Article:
As I was puttering around in the garden pondering the location, my able garden assistant proceeded with the site excavation.


With the site secured and excavation underway, the saucer was cleaned out and ready to install.  A quick check for depth and we’re about ready to proceed.

DSC_2500_6353 I’ve suggested to a co-worker with young boys that they might be able to make some money by catching toads and selling them to gardeners like me that would like to control the pest population in the garden without damaging the balance too much.  If that doesn’t work, I may have to head on down to the North Chester bridge and see if any local young sirens have loved up any fellas down by the river and turned them into toads.

From one of my favorite movies:

Be sure, if I acquire three of these creatures they will be named Pete, Delmar, and Everett.  I hope Ajax doesn’t take on the personality of Big Dan.


Bonus:  This may be a good area to transplant my Scotch Moss.

Saturday, April 9, 2011

More ‘Maters!

This morning I headed down to the farmers’ market.  The Tomato Lady has a stand with loads of tomato plants for sale that she has grown.  I didn’t see her at her regular station so I walked on down to the gal that sells cut flowers and potted herbs.  Today, she had tomato plants for sale.  Great.  I’ll pick up a variety that I haven’t tried before to supplement my measly seedlings.  I about choked paying $3.25 for one plant!  Heavens.  That’s about the price of a packet that contains about 100 seeds.  Oh well.  I’m tired of the mess inside that starting seeds brings.  It’s the price I have to pay.  The Santa Clara Canner originated in Italy and is a great all round tomato.


After picking up a sack of oranges from a Dinuba citrus farmer, I wandered down to a stand that grows veggies and eggs up in the foothills east of my neighborhood.  A nice bunch of carrots and a bunch of beets had my hands full (I forgot to bring my canvas bag.).  Dang it.  The lettuce was great over at Farmer Tesch’s stand; so I grabbed a nice head of Romaine ($1.50).  I saw stuff at the grocery store that was close to $3 a head that wasn’t fit for pigs.  I don’t have any green lettuce in the garden thanks to the appetites of pill bugs and earwigs.  Now my hands were really full.  Then I spotted the Tomato Lady!  She had moved her stand closer to the sunny side of the street.  Yikes.  She had tons of tomato plants from which to choose.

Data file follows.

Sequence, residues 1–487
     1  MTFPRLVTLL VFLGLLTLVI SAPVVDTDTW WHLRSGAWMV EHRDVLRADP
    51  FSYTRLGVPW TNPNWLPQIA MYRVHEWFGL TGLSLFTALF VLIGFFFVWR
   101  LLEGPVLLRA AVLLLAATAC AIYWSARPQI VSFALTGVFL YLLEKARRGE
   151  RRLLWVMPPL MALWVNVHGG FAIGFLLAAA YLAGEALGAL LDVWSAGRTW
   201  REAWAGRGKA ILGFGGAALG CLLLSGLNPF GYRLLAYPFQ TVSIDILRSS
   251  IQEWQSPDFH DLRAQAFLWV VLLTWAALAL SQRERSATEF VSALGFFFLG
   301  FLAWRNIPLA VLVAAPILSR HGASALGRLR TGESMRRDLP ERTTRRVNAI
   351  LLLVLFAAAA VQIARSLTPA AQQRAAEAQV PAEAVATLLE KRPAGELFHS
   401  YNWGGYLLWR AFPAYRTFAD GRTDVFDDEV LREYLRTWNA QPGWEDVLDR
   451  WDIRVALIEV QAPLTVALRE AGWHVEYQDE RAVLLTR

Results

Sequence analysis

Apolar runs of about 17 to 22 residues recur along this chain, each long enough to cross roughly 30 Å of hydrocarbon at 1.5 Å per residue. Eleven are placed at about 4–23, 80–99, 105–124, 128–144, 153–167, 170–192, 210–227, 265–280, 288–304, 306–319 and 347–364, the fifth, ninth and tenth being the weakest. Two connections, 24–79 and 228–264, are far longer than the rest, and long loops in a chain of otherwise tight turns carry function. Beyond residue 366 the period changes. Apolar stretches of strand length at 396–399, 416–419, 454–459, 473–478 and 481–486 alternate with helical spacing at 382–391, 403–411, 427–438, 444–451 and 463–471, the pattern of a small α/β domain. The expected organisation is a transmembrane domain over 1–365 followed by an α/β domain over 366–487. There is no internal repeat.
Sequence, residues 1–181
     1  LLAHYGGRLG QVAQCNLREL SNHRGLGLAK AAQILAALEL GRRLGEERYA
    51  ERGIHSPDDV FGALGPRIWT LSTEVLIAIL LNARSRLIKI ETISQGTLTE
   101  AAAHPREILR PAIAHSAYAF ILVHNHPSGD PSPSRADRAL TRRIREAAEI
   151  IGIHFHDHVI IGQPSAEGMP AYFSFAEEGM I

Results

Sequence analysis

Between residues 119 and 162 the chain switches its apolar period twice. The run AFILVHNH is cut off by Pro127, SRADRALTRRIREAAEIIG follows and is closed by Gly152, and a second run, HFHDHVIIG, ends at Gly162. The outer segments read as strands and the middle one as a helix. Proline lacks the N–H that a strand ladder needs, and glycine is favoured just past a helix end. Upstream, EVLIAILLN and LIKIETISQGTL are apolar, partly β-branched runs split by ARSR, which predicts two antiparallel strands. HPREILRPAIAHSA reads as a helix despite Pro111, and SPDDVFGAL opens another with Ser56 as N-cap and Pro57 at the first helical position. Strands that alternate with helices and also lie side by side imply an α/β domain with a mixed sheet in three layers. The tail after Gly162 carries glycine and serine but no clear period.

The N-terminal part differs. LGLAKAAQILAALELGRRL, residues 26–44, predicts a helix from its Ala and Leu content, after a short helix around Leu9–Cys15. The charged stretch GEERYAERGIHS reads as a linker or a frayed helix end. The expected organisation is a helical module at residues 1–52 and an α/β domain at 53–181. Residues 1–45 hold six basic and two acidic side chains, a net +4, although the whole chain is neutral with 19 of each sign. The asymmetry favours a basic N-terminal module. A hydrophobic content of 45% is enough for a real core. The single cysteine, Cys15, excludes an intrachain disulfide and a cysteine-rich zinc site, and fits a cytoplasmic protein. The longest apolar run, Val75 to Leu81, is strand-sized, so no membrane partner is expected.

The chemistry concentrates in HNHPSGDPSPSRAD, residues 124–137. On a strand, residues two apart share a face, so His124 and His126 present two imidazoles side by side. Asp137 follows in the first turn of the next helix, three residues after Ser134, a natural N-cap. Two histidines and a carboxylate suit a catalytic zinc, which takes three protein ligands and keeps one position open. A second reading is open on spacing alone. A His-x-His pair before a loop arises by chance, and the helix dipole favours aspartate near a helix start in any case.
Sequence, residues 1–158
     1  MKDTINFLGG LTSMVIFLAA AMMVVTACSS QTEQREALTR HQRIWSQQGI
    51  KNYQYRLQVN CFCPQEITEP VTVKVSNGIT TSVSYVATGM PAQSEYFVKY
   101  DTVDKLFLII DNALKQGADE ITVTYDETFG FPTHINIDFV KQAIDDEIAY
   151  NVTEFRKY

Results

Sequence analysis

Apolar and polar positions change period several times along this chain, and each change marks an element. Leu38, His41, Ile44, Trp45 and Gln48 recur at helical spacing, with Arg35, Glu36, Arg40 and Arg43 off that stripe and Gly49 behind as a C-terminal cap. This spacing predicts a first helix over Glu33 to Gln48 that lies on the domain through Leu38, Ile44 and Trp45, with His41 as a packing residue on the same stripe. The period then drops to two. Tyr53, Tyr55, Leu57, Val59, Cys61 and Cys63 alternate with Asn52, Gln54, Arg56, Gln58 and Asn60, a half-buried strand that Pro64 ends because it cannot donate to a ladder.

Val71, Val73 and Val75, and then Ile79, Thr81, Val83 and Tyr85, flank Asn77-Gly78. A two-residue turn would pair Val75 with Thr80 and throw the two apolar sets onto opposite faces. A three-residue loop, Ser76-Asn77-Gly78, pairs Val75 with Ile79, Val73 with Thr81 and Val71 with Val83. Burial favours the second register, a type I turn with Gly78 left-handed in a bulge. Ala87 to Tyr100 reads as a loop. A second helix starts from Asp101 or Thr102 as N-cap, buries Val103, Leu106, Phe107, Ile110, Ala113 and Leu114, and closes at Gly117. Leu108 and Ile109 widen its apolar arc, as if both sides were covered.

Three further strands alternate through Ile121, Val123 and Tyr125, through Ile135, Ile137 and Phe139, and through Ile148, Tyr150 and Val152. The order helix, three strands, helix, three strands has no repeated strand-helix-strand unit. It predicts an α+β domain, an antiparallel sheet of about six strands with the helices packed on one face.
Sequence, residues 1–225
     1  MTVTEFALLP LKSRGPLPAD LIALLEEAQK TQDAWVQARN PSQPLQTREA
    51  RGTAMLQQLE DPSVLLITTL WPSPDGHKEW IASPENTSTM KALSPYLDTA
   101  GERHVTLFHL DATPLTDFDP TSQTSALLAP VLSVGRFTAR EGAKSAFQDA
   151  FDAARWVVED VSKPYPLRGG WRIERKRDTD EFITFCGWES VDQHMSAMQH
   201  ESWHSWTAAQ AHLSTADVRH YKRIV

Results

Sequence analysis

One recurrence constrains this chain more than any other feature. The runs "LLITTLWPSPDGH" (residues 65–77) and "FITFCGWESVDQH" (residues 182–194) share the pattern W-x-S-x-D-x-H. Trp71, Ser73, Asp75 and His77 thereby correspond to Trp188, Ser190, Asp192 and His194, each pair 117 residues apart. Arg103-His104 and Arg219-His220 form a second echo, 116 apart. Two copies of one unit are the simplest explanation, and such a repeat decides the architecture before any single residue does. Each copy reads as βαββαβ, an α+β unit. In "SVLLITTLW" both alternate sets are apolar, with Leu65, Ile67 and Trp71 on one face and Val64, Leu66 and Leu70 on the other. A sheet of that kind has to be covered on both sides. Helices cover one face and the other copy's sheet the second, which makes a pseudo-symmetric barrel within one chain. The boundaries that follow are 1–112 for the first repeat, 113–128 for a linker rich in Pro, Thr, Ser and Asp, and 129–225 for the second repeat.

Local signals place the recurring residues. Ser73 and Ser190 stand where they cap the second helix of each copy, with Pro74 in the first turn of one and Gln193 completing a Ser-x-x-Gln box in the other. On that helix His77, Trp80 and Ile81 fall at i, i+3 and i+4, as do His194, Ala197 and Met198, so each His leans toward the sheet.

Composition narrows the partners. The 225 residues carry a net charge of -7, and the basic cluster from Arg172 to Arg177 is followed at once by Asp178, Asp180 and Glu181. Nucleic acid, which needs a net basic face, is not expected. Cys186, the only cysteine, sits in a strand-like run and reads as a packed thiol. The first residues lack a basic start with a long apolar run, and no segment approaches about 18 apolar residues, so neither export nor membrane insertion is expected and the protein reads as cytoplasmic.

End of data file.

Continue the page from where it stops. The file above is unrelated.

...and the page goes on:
DSC_2480_6333 Her helpful self made photo albums catalog each variety with photos and growing information.  Her plants in paper cups cost only $2.  Did you know:  The Rutgers tomato was introduced in 1934 by Rutgers breeder Lyman Schermerhorn as an ideal locally (New Jersey) well-adapted and improved "General Use" tomato for processing (canning and juicing) as well as fresh market. Rutgers tomato was developed and released in the period between WW I and WW II. 

  • Pleasing flavor and taste of the juice
  • More uniform sparkling red internal color ripening from center of the tomato outward
  • Smooth skin
  • Freedom from fruit cracking
  • 'Second early' maturity
  • Handsome flattened globe shape
  • Vigorous healthy foliage to ripen more fruit and reduce sunscald
  • Firm thick fleshy fruit walls for its time, though considered extremely soft by today's definition of tomato firmness
  • Uniformity true to type in the field

A fellow backyard farmer at work brought in some tomato seedlings for anyone to enjoy.  She hasn’t been able to face the necessary job of thinning her seedlings.  I understand and will separate my choice.  I picked up a Tigerella cup.

DSC_2483_6336 Here’s a few things about Tigerella:

  • Maturity -59 days
  • Type – Heirloom